When you are working with user data, data anonymization is an especially important consideration. Many enterprise datasets contain sensitive or personal identifiable information (PII) that should only remain in the hands of the data controller. Even your own employees accessing PII data may lead to accidental exposure, due to everyday testing and development mistakes. The general best practice is to apply PII anonymization as the first step before sharing your data – even internally – or using it for a project.
There are many anonymization solutions today that allow you to fake, change or otherwise obfuscate PII. However, these techniques may alter your data in a way that makes it unusable later on, depending on your downstream use. To address this, we invented contextual anonymization, a novel technique that allows you to anonymize PII values while retaining important context.
In this article, we'll discover what it means to create usable anonymized data and show you how contextual anonymization could be the answer you're looking for.
The 5 Usability Considerations
If you are a data controller, you want to anonymize PII in a way that still allows others to use the data to the fullest capacity. We have learned that preserving certain patterns is often critical to ensuring that the anonymized data is usable.
Let's illustrate this with a concrete example. For the remainder of this article, let's pretend that you have a dataset of donations to a political campaign. This includes information such as the donor's phone number, email, donation amount and tax amount.
The phone number and email represent PII information. Even though you want to anonymize the PII, you want the overall data to retain some key patterns that were present in the original data. We refer to these as the 5 usability conditions for anonymization:
- The PII format, which refers to the overall look and feel of the PII. For example, the phone numbers in our dataset are in the specific format (###) ### – ####.
- The PII diversity, which counts the number of unique PII values present. For example, there may be 1000 unique phone numbers in the dataset.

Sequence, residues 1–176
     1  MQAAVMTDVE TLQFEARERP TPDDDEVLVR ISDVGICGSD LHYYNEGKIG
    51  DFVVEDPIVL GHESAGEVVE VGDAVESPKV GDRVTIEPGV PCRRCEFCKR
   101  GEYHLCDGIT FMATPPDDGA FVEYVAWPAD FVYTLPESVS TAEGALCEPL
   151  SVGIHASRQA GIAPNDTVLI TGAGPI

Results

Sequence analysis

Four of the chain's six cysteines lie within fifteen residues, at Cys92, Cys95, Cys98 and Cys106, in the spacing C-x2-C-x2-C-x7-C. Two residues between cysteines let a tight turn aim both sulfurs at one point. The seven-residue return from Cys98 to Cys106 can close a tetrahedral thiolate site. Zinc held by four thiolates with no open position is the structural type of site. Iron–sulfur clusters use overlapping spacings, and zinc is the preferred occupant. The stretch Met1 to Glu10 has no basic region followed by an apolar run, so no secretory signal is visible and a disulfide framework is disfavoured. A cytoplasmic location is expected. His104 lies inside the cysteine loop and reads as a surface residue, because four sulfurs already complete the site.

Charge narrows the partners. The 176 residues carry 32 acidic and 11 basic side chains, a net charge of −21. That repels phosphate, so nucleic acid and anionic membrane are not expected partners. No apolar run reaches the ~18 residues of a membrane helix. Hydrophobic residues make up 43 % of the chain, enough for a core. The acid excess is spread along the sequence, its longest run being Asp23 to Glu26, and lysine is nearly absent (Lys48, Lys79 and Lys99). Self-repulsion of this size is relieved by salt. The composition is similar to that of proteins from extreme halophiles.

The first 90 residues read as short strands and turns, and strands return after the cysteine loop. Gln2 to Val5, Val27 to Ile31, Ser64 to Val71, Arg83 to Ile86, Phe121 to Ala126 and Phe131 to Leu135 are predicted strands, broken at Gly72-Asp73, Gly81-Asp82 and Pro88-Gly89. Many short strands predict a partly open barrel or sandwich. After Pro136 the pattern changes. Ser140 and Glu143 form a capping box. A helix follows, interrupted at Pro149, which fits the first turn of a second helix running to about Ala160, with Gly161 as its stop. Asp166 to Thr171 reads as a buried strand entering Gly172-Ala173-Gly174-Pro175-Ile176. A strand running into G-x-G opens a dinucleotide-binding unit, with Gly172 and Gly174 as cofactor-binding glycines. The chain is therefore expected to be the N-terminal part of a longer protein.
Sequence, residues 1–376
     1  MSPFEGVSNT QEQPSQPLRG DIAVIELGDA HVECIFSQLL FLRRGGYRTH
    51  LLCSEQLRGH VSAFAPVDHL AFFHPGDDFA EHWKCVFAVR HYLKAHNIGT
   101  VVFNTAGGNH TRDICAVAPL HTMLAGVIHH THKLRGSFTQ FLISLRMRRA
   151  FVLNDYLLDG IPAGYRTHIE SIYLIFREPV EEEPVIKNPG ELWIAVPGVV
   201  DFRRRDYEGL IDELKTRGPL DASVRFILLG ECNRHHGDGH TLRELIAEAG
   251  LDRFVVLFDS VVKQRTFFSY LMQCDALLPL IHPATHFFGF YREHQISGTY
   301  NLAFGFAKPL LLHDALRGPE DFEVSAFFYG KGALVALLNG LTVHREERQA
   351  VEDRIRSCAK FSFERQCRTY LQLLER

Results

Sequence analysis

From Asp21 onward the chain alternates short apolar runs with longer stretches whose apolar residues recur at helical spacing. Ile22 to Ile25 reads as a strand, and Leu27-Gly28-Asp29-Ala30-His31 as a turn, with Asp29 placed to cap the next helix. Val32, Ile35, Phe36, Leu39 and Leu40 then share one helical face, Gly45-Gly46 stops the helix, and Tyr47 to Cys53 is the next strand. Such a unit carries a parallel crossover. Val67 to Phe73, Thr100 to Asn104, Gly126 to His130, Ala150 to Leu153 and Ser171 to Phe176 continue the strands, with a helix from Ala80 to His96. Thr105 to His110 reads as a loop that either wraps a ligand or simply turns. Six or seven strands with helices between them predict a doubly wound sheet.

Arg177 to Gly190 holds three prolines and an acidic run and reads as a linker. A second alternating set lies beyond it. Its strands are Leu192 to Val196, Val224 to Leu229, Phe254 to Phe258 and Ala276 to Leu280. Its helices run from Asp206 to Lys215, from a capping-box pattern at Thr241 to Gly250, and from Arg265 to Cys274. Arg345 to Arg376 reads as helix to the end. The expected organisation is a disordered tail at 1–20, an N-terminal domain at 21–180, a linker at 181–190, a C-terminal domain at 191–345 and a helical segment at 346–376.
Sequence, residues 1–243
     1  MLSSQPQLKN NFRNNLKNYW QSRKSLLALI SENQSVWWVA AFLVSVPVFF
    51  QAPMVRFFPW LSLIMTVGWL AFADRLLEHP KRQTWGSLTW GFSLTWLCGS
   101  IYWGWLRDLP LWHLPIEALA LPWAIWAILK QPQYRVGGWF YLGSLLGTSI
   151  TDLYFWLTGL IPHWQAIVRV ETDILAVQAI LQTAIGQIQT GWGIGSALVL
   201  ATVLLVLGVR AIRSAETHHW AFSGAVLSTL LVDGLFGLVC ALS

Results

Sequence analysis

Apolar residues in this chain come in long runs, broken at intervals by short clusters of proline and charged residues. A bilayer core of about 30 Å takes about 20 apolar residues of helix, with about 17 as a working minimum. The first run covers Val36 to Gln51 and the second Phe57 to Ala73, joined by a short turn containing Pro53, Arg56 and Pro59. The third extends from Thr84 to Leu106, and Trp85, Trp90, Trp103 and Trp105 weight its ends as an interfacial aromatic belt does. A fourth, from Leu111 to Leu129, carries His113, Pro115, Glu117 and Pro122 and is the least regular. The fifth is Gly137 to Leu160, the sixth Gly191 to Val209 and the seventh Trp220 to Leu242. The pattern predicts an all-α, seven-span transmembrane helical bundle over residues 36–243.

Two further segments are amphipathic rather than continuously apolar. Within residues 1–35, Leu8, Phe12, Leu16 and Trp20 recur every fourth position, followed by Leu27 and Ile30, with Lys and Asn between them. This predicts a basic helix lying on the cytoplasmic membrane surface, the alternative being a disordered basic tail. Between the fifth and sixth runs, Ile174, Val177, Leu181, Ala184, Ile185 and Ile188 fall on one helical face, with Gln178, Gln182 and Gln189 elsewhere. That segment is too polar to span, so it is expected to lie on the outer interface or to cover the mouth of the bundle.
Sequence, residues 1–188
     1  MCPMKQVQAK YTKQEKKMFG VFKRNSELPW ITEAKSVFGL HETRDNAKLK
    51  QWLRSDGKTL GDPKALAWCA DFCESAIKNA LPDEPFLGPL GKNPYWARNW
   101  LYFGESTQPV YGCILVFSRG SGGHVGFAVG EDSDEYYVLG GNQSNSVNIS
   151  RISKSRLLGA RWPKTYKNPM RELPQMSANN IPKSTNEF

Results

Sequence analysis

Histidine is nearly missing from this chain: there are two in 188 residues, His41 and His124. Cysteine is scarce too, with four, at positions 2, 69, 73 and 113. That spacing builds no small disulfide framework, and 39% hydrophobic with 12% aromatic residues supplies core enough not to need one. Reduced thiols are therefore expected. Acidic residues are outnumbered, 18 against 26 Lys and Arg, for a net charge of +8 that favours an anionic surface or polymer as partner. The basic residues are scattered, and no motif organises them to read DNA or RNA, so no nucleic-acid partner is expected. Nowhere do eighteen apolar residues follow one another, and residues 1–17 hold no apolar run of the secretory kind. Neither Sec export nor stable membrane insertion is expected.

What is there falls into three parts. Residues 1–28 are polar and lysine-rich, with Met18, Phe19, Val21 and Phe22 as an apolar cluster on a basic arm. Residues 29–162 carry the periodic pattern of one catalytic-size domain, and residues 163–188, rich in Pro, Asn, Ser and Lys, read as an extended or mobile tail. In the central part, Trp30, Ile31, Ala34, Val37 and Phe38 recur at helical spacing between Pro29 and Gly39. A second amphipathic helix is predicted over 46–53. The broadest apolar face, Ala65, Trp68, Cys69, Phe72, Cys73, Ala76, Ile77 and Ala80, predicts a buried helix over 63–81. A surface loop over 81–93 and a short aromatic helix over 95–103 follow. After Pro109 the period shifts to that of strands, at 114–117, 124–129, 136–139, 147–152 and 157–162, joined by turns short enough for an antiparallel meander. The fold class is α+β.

- The PII frequency, which looks at the frequency of occurrence of a PII value. For example, a few phone numbers may have called 20+ times to donate, while other phone numbers may have made only one call each.
- The context realism, which refers to context in the PII and the deeper meaning associated with it. For example, phone numbers come from specific regions that are discoverable by the area code. The PII may include calls from the 213 area code (Los Angeles) and the 617 area code (Boston).
- The context interactions, which compares how the PII's context interacts with other data in your table. For example the tax rate is high in California, which should be reflected in the phone numbers: area codes 415 (San Francisco) and 213 (Los Angeles) should correspond with higher tax percentages.
Through many conversations with our users, we've discovered these 5 axes can be critical to ensure that your data is usable in an anonymized state. Alarmingly, we found that the typically available anonymization techniques only meet the first three usability considerations. This is why we invented contextual anonymization, a new anonymization technique that deeply understands and incorporates the PII's meaning.
Why traditional anonymization features won't work
While a few anonymization techniques have already existed for years, we have found that these techniques are not equipped to give you full usability of your anonymized data.
When you hear the term "anonymization," you may imagine the least complex version, which is called pure anonymization. Many software packages offer this technique, including the publicly available RDT library.
Pure anonymization randomly creates fake PII values without ever needing to look at the original data. The data is irreversibly anonymized, because there is no way to guess the original values based on the anonymized ones.
Pure anonymization preserves at most 1 of the 5 axes for data usability: the PII format (though some software does not even do this). The RDT preserves realistic formats, and even allows you to select specific locales to make them accurate. For example, the RDT makes sure the format of a phone number is country-specific.
Pseudo-Anonymization (Data Mapping)